The very essence of the Renaissance was encapsulated by the work of three Masters , who were Leonardo Da Vinci, Raphael Sanzio, and Michelangelo Buonarottio. Leonardo Da Vinci was seen as the perfect man of the Renaissance. I personally like his work, Mona Lisa 1506. (Left) The expression on her face was the key to the painting. During the Middle Age, figures were painted with no life, and quite often strictly on biblical subjects. There was always a sense of rigidity and server ness. The transformation from this into a painting with life and flesh was seen as being cursed and scandalous. But, precisely for this reason Leonardo Da Vinci broke the boundary of Art, with a smile and a glimpse of life. Here Art was used to challenge the society and give it a new direction.

Titan, a patronage Artist, one of his works, Christ Crowned with Thorns (Right) depicted the execution of Christ. Two versions of this painting were made approximately 30 years apart. In the earlier version, Christ rolled his eyes towards Heaven, giving the painting a melodramatic effect, which was unusual in Titan’s work. In the later version, his eyes were cast so that Christ wore a more traditional air of resignation. Colours were painted with a more muted, darker tone compared with its earlier version where the brushstrokes was not as vigorous, nor was the pain and torture depicted as energetically. By looking at the two pieces separately we see how he had changed as time past. The disappointment caused by human violence had saddened him, and in return, his painting also expressed his sad feeling towards the society.

Breakthrough of Patronage

Around the 17th century, the restricted patronage of Art was diluting to a much freer system. Art became more inviting to people of different classes. Like in Netherlands, giving little demands for paintings, prospering middle class gradually replaced the traditional sources of patronage. Majority of the Dutch society could afford to take interest in Art, which is for people to live with and enjoy in. Science flourished, so did the Arts, from this time onward life was to be filled with intellectual exploration of ideas, displays of talent and the recognition of individual genius.

All these had brought to an introduction of a new and radical stylistic approach in 17th century painting. Caravaggio, who often emphasized the simple nobility of the common peasants, throughout most of his career being dependant largely on the religious influences from the Roman Society. His work was much influenced by the Italian paintings, an extraordinary life being punctuated by violent incidents, illustrating his volatile and aggressive temperament. From his style we can see the Realism in which holy figures in his paintings were modelled on ordinary people. This expressed his desire towards a society without the division of class. Here, we see how Art and Society was constantly encouraging each other to move towards a goal, an ideal society.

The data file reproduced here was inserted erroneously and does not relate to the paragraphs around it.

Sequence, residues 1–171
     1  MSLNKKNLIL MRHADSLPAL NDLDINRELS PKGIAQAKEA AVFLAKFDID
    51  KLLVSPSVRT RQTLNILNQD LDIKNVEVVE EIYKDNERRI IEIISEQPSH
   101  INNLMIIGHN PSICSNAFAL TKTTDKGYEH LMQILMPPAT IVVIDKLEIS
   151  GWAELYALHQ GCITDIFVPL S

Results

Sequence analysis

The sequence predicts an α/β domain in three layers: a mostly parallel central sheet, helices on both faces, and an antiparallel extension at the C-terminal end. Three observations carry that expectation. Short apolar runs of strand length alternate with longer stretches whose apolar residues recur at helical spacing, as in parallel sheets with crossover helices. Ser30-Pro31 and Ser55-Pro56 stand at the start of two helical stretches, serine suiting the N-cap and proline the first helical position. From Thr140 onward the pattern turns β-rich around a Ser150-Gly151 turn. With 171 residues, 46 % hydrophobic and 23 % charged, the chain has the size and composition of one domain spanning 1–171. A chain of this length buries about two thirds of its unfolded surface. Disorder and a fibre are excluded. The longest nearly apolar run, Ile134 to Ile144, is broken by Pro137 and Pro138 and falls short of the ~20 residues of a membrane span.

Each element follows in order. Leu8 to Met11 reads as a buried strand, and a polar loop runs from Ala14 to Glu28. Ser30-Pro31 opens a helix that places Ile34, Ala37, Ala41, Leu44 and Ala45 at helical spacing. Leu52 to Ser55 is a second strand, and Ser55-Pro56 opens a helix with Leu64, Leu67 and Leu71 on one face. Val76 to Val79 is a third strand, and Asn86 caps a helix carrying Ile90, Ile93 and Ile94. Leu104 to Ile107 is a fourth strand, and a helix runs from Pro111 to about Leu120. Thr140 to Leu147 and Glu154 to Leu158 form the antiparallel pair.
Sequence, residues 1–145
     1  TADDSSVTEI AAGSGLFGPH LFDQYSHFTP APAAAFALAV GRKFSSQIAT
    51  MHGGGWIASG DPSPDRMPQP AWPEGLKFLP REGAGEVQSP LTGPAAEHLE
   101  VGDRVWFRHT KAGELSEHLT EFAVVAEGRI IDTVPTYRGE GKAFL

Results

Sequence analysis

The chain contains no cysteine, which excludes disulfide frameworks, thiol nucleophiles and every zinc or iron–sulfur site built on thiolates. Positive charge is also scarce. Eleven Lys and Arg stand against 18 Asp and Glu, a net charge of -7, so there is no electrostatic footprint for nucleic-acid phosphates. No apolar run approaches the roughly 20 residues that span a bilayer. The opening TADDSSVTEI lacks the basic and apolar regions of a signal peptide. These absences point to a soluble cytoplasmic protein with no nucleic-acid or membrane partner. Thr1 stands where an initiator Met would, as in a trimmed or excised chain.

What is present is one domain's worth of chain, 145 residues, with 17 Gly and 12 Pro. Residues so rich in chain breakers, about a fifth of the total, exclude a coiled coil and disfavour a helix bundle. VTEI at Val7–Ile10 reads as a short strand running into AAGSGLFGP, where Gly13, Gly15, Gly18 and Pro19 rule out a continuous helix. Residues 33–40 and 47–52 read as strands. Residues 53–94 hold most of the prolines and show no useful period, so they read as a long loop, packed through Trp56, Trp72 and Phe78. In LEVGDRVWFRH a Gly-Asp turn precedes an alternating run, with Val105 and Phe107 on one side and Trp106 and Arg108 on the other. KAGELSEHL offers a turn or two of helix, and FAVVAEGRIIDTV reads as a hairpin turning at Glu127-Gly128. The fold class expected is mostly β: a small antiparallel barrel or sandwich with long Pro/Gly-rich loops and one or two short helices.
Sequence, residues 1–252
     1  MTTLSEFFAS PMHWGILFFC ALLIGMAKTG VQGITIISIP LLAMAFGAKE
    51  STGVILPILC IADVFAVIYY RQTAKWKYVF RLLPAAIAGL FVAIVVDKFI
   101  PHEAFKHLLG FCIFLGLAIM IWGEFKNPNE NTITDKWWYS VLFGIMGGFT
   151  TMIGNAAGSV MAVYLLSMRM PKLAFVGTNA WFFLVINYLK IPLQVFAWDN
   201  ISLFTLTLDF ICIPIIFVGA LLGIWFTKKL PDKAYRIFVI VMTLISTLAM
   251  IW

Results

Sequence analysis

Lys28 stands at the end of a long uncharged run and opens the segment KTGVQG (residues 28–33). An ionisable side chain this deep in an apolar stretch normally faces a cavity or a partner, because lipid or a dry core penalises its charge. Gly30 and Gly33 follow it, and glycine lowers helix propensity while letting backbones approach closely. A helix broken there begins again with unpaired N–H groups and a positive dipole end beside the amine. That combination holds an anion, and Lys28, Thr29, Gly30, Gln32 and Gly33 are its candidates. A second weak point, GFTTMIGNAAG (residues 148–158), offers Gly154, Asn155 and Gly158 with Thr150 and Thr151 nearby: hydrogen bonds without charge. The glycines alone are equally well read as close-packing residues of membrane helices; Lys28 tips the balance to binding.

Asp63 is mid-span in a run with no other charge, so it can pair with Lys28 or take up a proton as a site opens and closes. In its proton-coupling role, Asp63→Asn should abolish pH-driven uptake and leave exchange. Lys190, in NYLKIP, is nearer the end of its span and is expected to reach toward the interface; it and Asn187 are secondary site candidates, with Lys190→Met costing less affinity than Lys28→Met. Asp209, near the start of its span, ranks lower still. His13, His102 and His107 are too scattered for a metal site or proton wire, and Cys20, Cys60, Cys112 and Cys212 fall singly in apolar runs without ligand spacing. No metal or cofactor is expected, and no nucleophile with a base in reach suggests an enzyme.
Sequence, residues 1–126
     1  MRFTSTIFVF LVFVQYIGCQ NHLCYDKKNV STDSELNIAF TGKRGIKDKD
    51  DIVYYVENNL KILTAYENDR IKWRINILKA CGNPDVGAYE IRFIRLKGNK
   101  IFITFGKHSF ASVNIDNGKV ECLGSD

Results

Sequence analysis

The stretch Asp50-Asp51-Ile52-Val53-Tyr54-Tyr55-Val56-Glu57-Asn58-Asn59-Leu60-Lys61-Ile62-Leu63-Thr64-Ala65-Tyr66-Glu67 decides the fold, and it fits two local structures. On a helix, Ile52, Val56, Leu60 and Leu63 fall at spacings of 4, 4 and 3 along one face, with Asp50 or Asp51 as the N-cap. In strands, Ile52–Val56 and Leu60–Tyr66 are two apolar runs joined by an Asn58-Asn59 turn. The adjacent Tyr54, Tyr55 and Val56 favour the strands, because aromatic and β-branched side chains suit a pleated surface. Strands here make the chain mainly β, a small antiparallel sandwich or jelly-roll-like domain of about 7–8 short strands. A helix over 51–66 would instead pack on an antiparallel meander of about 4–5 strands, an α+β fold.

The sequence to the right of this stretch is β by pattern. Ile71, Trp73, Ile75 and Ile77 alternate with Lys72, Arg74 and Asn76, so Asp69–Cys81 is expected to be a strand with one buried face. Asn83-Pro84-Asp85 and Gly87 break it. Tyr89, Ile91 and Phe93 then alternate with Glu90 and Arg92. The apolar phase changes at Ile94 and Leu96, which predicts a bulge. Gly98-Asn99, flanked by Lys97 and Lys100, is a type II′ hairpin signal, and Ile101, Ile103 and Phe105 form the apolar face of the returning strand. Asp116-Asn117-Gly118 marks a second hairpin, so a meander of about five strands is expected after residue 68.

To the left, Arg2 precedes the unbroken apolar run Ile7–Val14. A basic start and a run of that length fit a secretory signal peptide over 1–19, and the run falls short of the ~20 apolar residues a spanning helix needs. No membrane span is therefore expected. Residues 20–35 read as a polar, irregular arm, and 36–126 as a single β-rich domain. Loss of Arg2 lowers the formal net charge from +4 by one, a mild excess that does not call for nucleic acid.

The Conversation of St Paul 1600 Bacchus 1596 Michelangelo Merisi da Caravaggio

The time of beauty

In the early 18th century, pursue of happiness, flowers and birds were used purely as decorations. Age of Rococo, was indeed a manifestation of irresponsible freedom of ‘Art for Art sake’. Early Rococo Artist Jean Antoine Watteau who painted The pilgrimage on the island of Cythera 1717. In his time, he served a leisure society, which preferred to ignore the unpleasant side of life. His works were of unheroic subjects of people enjoying themselves. His Art was full of emotion, personality and privacy locked up in his own world. For his work, I would say, was like an adult fairy tale, a perfect world without stress. Overall, Rococo was not the Art that reflected society; its Art only gave little reference to the under-lying reality of its society.

Moving into the late 18th Century, it was the rise of English Mastery of Landscape Painting. The use of watercolour derived from the 17th and early 18th century allowed the practice of making speedy sketches for multi-purposes. The private medium of nature of medium created a spontaneous effect, charging with sublime energy. The classical landscape paintings often exposed a feeling of nostalgia, a vague unease and a yearning for freedom. Mallord William Turner’s watercolour work gave him the interest in effects and weather made by nature; a feeling for contemporary life was often at the core of many of Turner’s paintings. Like one of his late work, Venice the Grand Canal 1840, the richness of the scene made clear of the expression.

‘His people are at the mercy of the sea, life given from the sun.’
‘Human is part of nature and we are like the keeper of life’